Fans were not pleased about the major death in the episode of The 100 that aired last week in the US. And since then, they have been furiously working not just to declare their displeasure — but to make the show itself pay a heavy price.
Spoilers for last week’s episode…
Thanks to Twitter fans have more access to creators and decision makers than ever before, and also more ability to organise a massive campaign in a hurry. Fans of The 100 quickly showed how angry they were, by targeting creator Jason Rothenberg. In just 24 hours, he lost more than 10,000 followers, and his numbers have continued a steady (albeit smaller) decline since.
[image id="1379258" url="https://www.gizmodo.com.au/content/uploads/sites/2/2016/03/12/lxnjg5olptbjljnrbkle.jpg" caption="Ouch." align="centre" clear="true" ]
But Twitter, as a metric of audience engagement is relatively new -- and officially, no one really gives a hoot if a showrunner's follower count plummets after an unpopular story move.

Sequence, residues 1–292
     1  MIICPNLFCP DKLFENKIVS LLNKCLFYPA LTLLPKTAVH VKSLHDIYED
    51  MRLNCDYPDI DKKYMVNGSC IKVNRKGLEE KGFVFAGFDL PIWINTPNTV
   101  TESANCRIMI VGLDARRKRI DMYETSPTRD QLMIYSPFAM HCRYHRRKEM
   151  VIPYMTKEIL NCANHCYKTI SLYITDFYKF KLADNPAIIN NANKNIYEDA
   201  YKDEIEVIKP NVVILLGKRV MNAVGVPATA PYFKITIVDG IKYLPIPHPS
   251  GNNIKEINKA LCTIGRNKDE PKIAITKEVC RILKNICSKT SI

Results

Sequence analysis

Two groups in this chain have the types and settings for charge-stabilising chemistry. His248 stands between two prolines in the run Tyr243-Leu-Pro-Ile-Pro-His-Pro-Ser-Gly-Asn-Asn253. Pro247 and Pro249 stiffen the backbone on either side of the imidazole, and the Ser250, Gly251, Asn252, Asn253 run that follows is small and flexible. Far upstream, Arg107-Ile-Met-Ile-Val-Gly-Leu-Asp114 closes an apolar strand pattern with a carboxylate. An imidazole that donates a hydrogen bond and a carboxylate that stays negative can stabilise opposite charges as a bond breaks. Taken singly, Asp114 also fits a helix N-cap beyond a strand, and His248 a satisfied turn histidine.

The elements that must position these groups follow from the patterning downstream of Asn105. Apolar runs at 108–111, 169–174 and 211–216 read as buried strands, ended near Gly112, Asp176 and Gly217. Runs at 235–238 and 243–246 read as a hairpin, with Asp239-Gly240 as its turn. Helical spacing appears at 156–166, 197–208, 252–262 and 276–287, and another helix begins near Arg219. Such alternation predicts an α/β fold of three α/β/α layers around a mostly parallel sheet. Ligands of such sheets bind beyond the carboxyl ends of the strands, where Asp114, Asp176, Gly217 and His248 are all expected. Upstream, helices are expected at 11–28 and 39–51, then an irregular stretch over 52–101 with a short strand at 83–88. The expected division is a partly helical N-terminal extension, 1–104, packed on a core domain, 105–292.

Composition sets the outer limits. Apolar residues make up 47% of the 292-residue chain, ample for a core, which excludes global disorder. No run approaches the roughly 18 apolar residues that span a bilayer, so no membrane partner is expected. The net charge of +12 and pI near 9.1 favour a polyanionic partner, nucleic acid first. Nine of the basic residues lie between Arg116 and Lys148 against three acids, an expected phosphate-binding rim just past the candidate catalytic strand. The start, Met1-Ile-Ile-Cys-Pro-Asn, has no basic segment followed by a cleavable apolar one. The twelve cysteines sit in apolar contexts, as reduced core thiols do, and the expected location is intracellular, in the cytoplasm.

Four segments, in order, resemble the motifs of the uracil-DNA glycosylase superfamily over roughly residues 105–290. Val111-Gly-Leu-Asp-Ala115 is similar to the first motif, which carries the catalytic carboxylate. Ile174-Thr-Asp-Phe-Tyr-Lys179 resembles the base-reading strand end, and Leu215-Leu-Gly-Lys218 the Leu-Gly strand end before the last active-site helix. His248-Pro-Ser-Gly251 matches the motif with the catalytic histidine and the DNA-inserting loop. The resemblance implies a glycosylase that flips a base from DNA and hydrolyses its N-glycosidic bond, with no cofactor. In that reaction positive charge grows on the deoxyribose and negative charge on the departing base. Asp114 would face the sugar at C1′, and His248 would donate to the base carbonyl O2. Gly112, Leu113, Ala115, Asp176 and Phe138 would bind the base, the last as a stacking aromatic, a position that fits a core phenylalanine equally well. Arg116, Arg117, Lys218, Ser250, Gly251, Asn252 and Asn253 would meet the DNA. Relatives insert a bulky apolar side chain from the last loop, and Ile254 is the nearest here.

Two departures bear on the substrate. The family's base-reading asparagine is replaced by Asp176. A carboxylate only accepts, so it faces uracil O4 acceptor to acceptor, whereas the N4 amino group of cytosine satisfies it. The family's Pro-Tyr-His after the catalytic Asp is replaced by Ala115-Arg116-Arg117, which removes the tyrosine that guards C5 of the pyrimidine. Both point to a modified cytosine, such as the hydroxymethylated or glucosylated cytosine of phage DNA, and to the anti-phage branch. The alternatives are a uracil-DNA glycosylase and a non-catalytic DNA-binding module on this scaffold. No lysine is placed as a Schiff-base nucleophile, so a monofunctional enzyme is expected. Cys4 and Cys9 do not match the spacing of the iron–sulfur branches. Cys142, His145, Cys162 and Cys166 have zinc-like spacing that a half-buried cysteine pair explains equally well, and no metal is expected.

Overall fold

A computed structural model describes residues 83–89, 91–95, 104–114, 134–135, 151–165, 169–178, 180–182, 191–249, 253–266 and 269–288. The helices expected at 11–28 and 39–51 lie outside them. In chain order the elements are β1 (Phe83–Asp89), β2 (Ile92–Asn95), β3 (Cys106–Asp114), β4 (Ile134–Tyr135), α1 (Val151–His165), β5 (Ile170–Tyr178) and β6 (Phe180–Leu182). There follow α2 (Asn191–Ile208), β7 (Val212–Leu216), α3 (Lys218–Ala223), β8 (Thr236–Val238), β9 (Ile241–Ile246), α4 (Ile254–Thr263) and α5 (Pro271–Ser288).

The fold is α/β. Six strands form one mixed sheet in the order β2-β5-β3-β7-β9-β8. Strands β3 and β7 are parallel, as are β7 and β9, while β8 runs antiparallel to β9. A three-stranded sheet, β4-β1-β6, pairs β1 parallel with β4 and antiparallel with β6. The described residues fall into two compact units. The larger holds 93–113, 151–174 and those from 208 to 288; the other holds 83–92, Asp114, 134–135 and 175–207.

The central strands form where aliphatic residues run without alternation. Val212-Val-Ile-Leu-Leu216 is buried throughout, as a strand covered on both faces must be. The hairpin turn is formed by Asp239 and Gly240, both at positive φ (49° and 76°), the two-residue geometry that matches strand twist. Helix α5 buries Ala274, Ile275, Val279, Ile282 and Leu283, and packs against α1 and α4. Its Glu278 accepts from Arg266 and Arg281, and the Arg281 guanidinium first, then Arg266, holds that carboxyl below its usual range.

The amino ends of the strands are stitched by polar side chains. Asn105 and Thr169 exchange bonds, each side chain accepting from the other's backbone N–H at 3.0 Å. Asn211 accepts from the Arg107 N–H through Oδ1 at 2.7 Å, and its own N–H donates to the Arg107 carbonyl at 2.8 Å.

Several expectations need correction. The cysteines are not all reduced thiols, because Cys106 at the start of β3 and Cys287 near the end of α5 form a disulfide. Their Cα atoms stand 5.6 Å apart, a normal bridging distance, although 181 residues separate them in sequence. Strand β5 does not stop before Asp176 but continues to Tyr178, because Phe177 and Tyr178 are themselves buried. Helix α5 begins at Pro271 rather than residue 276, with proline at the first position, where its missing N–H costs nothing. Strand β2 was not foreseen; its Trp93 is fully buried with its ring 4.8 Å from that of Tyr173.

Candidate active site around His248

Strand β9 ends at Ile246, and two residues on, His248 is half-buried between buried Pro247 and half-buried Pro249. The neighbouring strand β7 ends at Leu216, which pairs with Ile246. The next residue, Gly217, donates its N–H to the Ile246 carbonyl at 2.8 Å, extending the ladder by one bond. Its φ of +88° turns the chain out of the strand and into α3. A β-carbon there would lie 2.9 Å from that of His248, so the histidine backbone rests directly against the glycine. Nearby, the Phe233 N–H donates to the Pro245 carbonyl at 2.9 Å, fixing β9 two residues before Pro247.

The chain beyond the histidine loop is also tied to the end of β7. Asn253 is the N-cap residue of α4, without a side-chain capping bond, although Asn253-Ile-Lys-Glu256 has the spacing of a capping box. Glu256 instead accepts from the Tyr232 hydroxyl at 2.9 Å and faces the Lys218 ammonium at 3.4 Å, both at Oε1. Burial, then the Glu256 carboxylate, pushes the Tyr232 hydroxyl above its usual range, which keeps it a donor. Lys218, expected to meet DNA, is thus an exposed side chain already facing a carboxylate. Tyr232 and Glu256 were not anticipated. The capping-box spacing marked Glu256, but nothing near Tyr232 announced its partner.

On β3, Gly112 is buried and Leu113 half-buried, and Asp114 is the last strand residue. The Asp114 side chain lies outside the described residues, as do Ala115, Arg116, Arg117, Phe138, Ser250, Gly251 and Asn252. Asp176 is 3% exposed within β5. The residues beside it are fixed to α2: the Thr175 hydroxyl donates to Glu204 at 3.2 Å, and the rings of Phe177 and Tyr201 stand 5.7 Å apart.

Which was why 100 fans took a different tack last night. They tuned out of the show, and focused on getting their competing hashtag, #LGBTFansDeserveBetter, trending. The hashtag was selected because the character who was killed off was one of the few explicitly queer characters on the show.
The hashtag did trend, and The 100 did not crack Nielsen's Top 5 shows, as measured via Twitter. More importantly, The 100 suffered its worst ratings all season. Only 1.25 million people watched, as compared the week before when 1.39 million viewers tuned in.
It might not be fair to chalk this dip entirely up to fandom wrath -- numbers were down across the board, with even The Big Bang Theory scoring its lowest numbers of the season. But when your show already has a tiny audience, antagonising a large chunk of them might not go so well for you.